One message of the Refugee Ball is that asylum seekers and refugees contribute in valuable ways to our society. They bring their skills and talents to America, and we are stronger because of their presence here. Also, by offering asylum to those who work with us and those who share our values, we demonstrate to our allies that we are on their side; that we have got their back. This makes it more likely that people around the world will cooperate with us and work to advance the values that our nation aspires to: Democracy, freedom of speech, women's rights, LGBT rights, freedom of religion, equality, peace. When we have the cooperation of our allies, our country is safer and more secure, and our asylum system helps engender that cooperation.
And of course, granting protection to those in need of assistance is the right thing to do. I know that if my family members had to flee the United States, I would want more than anything for them to receive a friendly reception in their country of refuge. Do unto others as you would have them do unto you.
Another message of the Ball is that advocates for asylum seekers and refugees remain committed to assisting people who have come to our country for protection. And although the incoming Administration may create a more difficult environment for our clients, our commitment to those seeking our country's protection will not wane.
For me, though, the most important message of the Ball was that of the courage and perseverance displayed by the refugees and asylum seekers who I saw there. Many of the people who participated in the event were themselves victims of terrible torture and persecution. But there they were at the Ball--singing and dancing, giving speeches, making art and food for us to enjoy. Each of them provides an example of how the human spirit can survive extreme adversity and go on to create beauty, and of how life can triumph over death. I can't help but be inspired by their examples.
So while we really do not know what to expect in the days and months ahead, we can draw strength from each other, and from the examples set by the refugees and asylum seekers themselves, who have endured great hardships, but who still have hope that America will live up to the high ideals that we have set for ourselves.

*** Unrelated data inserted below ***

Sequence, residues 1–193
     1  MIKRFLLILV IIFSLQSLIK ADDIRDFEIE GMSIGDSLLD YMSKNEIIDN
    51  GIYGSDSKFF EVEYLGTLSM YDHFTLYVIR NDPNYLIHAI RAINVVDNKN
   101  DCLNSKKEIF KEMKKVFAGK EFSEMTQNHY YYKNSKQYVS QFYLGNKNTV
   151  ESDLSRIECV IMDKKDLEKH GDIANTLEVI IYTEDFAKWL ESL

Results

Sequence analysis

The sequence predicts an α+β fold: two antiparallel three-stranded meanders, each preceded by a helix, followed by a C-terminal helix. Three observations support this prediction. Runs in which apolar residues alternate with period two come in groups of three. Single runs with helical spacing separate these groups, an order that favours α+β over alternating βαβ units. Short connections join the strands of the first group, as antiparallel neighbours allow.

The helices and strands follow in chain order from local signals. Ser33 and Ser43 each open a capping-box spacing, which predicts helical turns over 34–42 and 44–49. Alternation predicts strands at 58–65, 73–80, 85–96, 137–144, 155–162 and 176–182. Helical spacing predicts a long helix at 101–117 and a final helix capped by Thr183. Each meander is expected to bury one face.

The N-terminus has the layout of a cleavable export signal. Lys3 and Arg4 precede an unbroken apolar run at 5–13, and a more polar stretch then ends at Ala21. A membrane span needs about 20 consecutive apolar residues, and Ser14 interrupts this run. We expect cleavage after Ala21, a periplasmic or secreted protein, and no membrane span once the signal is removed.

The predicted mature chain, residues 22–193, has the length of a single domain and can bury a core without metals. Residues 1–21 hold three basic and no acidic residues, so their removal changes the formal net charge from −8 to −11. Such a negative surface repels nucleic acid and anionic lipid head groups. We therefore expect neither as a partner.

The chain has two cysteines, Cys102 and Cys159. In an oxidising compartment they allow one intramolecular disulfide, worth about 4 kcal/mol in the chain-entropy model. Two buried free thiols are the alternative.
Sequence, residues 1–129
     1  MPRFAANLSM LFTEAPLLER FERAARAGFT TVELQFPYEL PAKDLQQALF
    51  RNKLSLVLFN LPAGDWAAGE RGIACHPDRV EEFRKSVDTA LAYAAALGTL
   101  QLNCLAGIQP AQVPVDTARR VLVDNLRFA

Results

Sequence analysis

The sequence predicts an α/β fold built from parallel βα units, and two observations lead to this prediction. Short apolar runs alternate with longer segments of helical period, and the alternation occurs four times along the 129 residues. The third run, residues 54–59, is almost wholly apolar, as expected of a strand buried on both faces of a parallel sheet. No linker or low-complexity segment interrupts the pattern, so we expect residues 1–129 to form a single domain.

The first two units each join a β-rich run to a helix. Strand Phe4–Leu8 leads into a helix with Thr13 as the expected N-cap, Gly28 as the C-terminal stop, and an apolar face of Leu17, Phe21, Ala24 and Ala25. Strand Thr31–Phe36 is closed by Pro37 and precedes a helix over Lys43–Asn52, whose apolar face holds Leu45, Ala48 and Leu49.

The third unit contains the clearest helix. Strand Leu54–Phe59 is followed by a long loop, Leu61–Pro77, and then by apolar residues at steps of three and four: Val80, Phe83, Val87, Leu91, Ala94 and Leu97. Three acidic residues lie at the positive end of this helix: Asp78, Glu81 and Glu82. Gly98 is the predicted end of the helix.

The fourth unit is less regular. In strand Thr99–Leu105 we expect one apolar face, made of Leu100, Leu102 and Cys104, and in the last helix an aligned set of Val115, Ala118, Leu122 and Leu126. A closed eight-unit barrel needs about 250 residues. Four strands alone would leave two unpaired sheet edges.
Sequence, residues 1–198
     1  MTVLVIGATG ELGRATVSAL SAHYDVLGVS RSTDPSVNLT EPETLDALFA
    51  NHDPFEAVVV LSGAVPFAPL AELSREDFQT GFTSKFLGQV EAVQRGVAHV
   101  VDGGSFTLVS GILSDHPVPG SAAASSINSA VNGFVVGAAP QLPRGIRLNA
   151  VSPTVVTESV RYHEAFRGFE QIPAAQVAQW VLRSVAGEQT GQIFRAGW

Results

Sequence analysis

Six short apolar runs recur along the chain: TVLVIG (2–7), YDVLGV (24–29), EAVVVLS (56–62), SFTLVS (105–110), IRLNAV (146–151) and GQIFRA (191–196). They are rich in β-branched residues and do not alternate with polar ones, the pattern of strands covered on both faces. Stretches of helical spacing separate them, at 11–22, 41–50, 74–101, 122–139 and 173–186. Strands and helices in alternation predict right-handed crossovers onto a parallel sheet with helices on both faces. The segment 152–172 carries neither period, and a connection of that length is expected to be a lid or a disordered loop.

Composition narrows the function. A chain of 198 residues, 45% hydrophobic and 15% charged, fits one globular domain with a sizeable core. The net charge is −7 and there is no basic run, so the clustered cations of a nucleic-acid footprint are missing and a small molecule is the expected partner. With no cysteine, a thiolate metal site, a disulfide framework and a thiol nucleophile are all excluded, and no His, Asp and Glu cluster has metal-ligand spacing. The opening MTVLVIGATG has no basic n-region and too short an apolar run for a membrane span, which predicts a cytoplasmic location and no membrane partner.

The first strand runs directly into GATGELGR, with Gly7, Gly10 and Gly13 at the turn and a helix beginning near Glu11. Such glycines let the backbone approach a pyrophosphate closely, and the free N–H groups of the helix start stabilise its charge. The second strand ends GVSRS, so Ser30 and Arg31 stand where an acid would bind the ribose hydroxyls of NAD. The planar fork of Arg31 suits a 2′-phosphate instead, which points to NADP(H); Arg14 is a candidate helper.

To those who participated in, supported, and attended the Refugee Ball, Thank you. Thank you for contributing your time, talent, energy, and money to supporting the cause of refugees and asylum seekers. Thank you for inspiring me, and for reminding me of why I work as an asylum attorney. I feel optimistic knowing that we are united in our goal of welcoming the stranger, and that we are all in this together to support each other.
Originally posted on the Asylumist: www.Asylumist.com.
This post has been updated on January 18 as of 9:30 am in order to reflect a late breaking POLITICO story.
POLITICO reports on the morning of January 18 that President-elect Trump, in a TV interview, has promised a more compassionate approach to immigration than mentioned during his campaign, including a merit-based system that gives priority to skilled workers. In Trump's words:
"We're going to have great people and people of great talent coming into our country...And we're going to have a lot of heart, believe me."
Trump specifically mentioned Silicon Valley companies who are moving to Canada because "they can't get the people they need...because we don't allow them into this country".
If the new president follows through on this plan, that would radically conflict with proposals that two of his closest immigration advisors, Senator Jeff Sessions and Breitbart News chief Stephen Bannon, have made to limit or drastically reduce H-1B, or even legal immigration in general, in order to accomplish a major demographic change back to the pre-1965 past, disguised as protecting American workers.
My original post appears below.
Proposals to restrict H-1B visas, perhaps even to the vanishing point, are not new. Neither are they limited to only one of our two parties.
As long ago as 2005, a Democratic Congressman, Bill Pascrell (NJ), introduced legislation (HR 4378), which, if it had become law, would have made drastic changes in the H-1B program in order to prevent it from, in Rep. Pascrell's words: "tearing down the labor standards" of American workers.
Among the bill's provisions were the following:
1) H-1B employers would have had to recruit American workers first.
2) Placing H-1B workers at the site of a third party employer ("outsourcing") would have been prohibited.
3) The annual limit for visas would have been fixed at 65,000 (eliminating the extra 20,000 visas for US master degree holders).
4) The maximum number of years in H-1B status would have been reduced from 6 to 4.
To be continued in a future post.
Roger Algase is a New York immigration lawyer and a graduate of Harvard College and Harvard Law School. For more than 35 years, he has been helping mainly skilled and professional immigrants obtain work visas and green cards.
Roger's practice is concentrated in H-1B specialty worker and O-1 extraordinary ability work visas, J-1 training visas, and green cards though labor certification and opposite or same sex marriage.
Roger's email address is email@example.com
Updated 01-18-2017 at 01:38 PM by ImmigrationLawBlogs